- Water Management Prospects: As industrial production continues to grow in emerging countries, the rise in associated water requirements often expand beyond the end-users’ capacity to deal with water systems internally. Therefore the need for water management in these regions provides real prospects for water service companies and chemical providers who are active either on a global or even a local-scale.

- Temporary water treatment systems, outsourcing and chemical treatment: Power generation, refining and petrochemicals are the largest industrial markets driving the demand for mobile solutions, outsourcing contracts and chemical treatment. Therefore, there are significant opportunities for many different types of companies to gain involvement in these sectors.

- Full Solutions Providers: Industrial end-users currently work with several third-parties to meet their water management needs and this can often cause logistical and contractual difficulties for the client. There is therefore a growing demand for companies which can provide full water solutions that cover water treatment, chemicals and management services.

- Industrial Wastewater Services: Opportunities in industrial wastewater also relate to the end-users’ typical view that it is an inconvenient waste product. This stream is not usually a priority for end-users because it does not directly impact their production operations, therefore they are keener to outsource this externally and pass control to third-parties. This report will reveal why there are good opportunities for services companies that can extract value from wastewater.

Key Features

This report covers a range of vital water services that are essential to industrial users:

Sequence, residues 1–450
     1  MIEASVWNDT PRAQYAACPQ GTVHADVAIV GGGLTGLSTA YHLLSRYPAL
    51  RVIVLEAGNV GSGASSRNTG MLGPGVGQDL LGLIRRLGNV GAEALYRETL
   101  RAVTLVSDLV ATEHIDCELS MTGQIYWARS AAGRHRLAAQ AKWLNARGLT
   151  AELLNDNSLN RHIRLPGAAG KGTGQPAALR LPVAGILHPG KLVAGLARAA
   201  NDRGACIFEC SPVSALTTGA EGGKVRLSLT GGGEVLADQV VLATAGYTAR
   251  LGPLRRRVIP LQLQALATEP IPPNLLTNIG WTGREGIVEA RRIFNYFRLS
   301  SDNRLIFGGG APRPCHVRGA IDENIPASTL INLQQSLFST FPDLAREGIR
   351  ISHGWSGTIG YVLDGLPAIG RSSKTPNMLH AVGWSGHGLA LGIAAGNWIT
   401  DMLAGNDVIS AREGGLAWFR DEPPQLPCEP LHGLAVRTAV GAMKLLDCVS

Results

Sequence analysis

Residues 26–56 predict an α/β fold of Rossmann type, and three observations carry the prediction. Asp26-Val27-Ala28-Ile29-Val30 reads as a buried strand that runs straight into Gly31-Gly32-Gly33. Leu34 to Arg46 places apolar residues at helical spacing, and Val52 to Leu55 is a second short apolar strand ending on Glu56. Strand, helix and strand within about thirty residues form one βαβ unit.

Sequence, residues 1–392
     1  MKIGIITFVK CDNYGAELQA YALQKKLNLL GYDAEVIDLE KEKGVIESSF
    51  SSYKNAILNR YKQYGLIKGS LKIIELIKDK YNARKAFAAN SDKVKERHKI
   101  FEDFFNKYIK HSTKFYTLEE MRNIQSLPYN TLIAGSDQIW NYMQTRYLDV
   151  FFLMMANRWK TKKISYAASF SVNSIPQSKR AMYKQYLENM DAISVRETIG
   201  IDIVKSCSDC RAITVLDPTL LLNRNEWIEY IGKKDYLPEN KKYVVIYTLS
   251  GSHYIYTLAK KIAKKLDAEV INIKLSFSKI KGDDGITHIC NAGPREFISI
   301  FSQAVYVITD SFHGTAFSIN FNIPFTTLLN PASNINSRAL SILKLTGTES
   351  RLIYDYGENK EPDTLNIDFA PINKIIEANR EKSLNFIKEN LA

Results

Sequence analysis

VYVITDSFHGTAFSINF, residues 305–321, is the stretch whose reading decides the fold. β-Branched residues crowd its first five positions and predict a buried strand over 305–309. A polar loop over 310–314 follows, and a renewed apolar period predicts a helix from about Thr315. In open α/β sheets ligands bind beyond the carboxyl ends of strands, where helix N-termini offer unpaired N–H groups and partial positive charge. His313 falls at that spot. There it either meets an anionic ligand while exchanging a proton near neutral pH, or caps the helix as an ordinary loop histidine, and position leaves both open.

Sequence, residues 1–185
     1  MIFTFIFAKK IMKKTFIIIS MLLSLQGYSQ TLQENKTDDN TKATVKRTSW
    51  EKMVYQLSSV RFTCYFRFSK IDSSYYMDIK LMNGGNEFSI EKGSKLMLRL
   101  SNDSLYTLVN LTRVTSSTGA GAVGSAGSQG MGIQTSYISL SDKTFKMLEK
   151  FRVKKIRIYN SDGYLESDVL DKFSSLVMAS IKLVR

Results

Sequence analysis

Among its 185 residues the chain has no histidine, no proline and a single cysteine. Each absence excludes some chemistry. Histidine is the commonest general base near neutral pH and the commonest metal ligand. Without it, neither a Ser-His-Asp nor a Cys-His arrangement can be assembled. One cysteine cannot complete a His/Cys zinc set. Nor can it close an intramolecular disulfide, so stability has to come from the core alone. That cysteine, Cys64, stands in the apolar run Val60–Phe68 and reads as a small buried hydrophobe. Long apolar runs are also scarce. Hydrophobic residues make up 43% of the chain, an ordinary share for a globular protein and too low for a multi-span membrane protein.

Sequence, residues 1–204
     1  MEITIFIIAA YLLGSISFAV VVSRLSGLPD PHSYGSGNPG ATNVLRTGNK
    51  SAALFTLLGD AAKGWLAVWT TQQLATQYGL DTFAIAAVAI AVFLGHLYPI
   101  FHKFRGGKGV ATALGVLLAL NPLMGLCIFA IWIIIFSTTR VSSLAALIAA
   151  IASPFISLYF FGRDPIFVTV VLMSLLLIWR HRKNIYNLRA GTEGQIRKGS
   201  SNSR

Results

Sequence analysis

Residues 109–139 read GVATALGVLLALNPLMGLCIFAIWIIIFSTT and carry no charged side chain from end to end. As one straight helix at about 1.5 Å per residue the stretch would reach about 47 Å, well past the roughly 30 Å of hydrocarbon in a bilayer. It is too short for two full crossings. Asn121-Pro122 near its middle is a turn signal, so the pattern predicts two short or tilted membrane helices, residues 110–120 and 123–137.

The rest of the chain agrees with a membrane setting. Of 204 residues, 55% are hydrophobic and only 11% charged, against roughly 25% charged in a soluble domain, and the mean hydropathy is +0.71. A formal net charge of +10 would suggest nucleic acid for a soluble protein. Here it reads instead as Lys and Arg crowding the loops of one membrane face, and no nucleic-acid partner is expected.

1. Water treatment chemicals – including a forecast breakdown of operating expenditure on different chemical types by applications such as boiler water, cooling water, process water and wastewater, as well as by industry, to identify where the highest demand for chemicals in industry lie.
2. Consumable services – exploring spending on replacement parts, regenerating services and cleaning services for membranes, ion exchange resins, and activated carbon.
3. Outsourcing contracts and mobile solutions – find out how prevalent outsourcing in industry really is, what is driving end-users to adopt BOT/BOO and DBO/O&M contracts, and understand the major trends behind mobile water solution demands in industry.
4. Industrial utilities – identify opportunities in major regions, including China, the Middle East, Europe and North America.
5. Oil & Gas Water Management Services – understand the unique demands for water solutions in the oil & gas sector, including sourcing of water and treatment for water floods and fracturing, produced water transport, produced water treatment and water disposal services.

Who should buy this report?